The current flare-up started when Thurman wrote the board in January to say that Mayor Joe Lockwood and Councilwoman Tina D'Aversa had violated the city code of ethics by endorsing city council candidates last fall. Thurman argued that to clear up any misunderstanding, the ordinance should be revised to explicitly state that city council members may not use their titles in endorsing council candidates or issues.

Thurman said she only mentioned Lockwood's and D'Aversa's violations because the code of ethics requires council members to report wrongdoing. But, she said, it wasn't meant to be an official complaint. The Ethics Board is scheduled to consider whether to pursue Thurman's report at its next meeting, Feb. 25.

D'Aversa on Thursday asked that the Ethics Board review the behavior of the entire council during the last election, including Thurman whom she said backed candidates in newspaper articles. D'Aversa said it would be unfair for the Ethics Board to focus on just her and the mayor.
"I agree that our ordinance violates our constitutional rights to free speech but want to make sure that Mayor Lockwood and myself are not singled out by council member Thurman," D'Aversa wrote.

The ethics board has stayed busy since Milton became an incorporated city on Dec. 1, 2006.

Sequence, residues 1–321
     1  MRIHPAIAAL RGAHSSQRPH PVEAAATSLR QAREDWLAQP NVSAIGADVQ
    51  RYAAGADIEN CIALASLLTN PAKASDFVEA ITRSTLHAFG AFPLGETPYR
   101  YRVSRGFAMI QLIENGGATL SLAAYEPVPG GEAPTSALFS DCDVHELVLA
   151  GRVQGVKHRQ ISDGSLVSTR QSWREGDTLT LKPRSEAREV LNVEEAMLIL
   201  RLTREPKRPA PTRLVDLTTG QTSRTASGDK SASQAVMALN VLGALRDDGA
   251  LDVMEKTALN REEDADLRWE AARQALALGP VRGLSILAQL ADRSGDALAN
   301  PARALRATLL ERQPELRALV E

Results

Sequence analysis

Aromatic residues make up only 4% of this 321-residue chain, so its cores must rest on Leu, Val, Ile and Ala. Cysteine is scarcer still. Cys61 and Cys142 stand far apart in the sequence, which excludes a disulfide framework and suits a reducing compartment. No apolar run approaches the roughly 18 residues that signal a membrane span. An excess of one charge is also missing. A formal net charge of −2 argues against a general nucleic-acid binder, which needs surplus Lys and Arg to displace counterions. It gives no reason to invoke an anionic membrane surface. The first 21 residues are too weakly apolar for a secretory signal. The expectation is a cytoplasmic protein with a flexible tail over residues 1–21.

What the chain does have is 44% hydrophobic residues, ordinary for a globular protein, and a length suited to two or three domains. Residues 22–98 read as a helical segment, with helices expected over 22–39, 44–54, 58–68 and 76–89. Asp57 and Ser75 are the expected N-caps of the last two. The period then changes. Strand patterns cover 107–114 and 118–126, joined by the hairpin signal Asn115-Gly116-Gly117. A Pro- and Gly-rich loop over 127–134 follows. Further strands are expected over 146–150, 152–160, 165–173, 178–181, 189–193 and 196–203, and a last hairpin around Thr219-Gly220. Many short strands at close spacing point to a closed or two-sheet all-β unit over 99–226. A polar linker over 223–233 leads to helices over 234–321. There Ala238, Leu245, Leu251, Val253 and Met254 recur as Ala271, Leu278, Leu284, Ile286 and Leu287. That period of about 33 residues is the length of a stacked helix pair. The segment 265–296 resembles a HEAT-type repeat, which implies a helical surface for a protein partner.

Ethics complaints have filed against four council members and an ethics board member. Concerned that the ethics board was being used as a political weapon, the council overhauled the ethics ordinance in September.

Roswell, on the other hand, has received no complaints to its ethics board since it was established 10 years ago.

Thursday, February 14, 2008

Republican Party To Hold Precinct Mass Meetings

courtesy: www.beaconcast.com.

On Saturday, February 16, 2008 at 10:00AM the Fulton County Republican Party will convene House District Precinct Mass Meetings to elect Delegates and Alternate Delegates to the Fulton County Republican Party Convention.

All Fulton County residents who are legally registered to vote and believe in the principles of the Republican Party are urged to participate in this process.
Registration is without charge and will open at 9:00AM on February 16, 2008 at the following locations:

House District 44 - Cross Creek Cafe,1221 Cross Creek Parkway, Atlanta, GA 30327